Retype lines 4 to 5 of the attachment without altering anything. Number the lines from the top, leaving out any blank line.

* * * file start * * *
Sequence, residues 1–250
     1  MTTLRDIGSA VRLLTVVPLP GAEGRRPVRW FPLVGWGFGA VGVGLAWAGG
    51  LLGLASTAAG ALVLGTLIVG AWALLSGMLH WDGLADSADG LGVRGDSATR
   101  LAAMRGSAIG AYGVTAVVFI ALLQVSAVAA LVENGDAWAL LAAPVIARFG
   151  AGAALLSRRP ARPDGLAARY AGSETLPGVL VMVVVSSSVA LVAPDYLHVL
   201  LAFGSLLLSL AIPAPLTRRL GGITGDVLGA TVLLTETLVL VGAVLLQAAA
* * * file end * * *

   101  LAAMRGSAIG AYGVTAVVFI ALLQVSAVAA LVENGDAWAL LAAPVIARFG
   151  AGAALLSRRP ARPDGLAARY AGSETLPGVL VMVVVSSSVA LVAPDYLHVL